I grew up really poor. We grew up in the projects. We were on government assistance most of the time. My dad was a pretty bad alcoholic. He stayed in prison pretty much most of my life. There were a few moments where he was a dad. It was enough that I looked for him to be a dad. There were moments where my mom wanted us to have a relationship with him. I felt like he genuinely wanted to. When we were around him there were caveats that he had to be sober. We were sitting outside. I was six or seven. I remember us walking outside and I genuinely thought we could get a ladder and climb up to the stars. I remember asking him; “Can we go get a ladder and go up there?” He just kind of laughed and we sat on the porch and ate cereal at two o’clock in the morning. That was the dad I remembered. She divorced him when I was five or six. That’s when he started doing the constant stream of; “he’s in jail”.
So when I was nine we lived in a really small town in South Georgia. I had won a fifties contest. I dressed up like a fifties person. I was ecstatic and they called me to the office to get my stuff to go home at like one o’clock. The day got better because I’m leaving school early. We get in the car. My mom had already picked up my other two brothers and we started going home. I remember walking into the living room and sitting down on the couch. I remember my mom saying; “Your dad is not here anymore. He died.”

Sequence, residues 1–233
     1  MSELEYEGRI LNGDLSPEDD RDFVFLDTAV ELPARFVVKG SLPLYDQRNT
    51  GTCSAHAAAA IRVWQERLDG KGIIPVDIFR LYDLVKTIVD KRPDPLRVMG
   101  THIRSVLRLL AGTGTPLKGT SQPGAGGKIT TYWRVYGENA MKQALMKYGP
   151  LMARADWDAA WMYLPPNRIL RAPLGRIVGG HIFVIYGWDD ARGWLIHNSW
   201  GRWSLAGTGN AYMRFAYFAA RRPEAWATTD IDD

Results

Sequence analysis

Because we lived in a small town, that was big news. I didn’t find out that he had killed himself until days later. There was a certain amount of confusion that goes along with hearing that and you don’t process it really well. I just remember spending three days crying. I remember even people I went to school with saying; “Oh, your dad killed himself.” It was tragic and I didn’t understand. Like your nine years old you don’t understand that. It’s one thing if your dad goes off to war and dies. It’s honorable for some reason. But if he decides to cut out on his own you’re short-changed. You feel like; “Man, you couldn’t hang out a little longer? Couldn't you wait until I was nineteen? You couldn’t wait until I was twenty?”
I was probably sixteen or so when I started messing around with alcohol. I loved it. I dropped out of school in the ninth grade. I was just about to turn sixteen. I didn’t have a lot of pipe dreams about being a musician. I knew I could play music and I loved it. But I always knew that I would work a nine-to-five job and I will play music on the weekends like my grandfather did while I was growing up. At eighteen or nineteen years old, I was waking up at five a.m. having to go to the fridge and drink two or three beers to go back to sleep. So, I knew there was a problem. I knew I knew that I was a full-blown addict. I didn’t want to be there anymore. It wasn’t that I didn’t want to be an addict. I didn’t want to be here. It felt like, every day I woke up and it hurt. My dad didn’t love me enough to stick around why would I stick around? Why would anybody really care about me and why would I care about me?
I think I was nineteen or twenty the first time I tried to commit suicide. It was one of those like cries for help and I woke up in the hospital. A week went by and I thought; “I don’t know how to live without the buffer of alcohol.